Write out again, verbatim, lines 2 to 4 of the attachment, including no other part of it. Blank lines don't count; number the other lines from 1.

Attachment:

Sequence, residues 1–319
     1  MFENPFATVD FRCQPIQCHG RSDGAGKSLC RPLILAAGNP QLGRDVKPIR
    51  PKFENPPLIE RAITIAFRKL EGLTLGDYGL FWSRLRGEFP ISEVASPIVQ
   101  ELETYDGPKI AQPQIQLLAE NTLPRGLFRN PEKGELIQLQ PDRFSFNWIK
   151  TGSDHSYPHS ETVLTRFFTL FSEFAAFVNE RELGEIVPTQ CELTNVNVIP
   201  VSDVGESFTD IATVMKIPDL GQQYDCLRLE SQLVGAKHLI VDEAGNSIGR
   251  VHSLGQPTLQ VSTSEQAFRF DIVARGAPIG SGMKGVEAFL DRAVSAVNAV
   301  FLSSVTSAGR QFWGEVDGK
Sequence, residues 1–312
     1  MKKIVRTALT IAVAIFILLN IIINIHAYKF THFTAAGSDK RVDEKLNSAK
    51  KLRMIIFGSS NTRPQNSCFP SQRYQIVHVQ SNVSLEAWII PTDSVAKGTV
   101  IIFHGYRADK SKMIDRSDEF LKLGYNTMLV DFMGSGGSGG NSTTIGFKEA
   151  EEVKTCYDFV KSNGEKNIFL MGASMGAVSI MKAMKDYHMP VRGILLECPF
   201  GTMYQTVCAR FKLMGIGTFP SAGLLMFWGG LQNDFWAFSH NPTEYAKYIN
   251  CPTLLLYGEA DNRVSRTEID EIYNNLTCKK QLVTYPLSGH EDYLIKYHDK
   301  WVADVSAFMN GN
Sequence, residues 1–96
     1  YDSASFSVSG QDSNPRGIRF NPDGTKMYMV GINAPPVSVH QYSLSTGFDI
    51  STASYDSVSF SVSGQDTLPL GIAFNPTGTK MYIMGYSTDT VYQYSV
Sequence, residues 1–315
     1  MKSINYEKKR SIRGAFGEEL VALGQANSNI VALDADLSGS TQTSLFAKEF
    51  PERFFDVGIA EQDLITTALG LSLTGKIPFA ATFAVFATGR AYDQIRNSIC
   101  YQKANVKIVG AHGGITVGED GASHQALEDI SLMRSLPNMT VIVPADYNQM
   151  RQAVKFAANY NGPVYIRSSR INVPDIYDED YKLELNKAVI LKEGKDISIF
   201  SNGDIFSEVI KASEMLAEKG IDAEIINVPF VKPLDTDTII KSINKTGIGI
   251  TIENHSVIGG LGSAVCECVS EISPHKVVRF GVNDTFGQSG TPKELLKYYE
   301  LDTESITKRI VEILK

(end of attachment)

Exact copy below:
     1  MFENPFATVD FRCQPIQCHG RSDGAGKSLC RPLILAAGNP QLGRDVKPIR
    51  PKFENPPLIE RAITIAFRKL EGLTLGDYGL FWSRLRGEFP ISEVASPIVQ
   101  ELETYDGPKI AQPQIQLLAE NTLPRGLFRN PEKGELIQLQ PDRFSFNWIK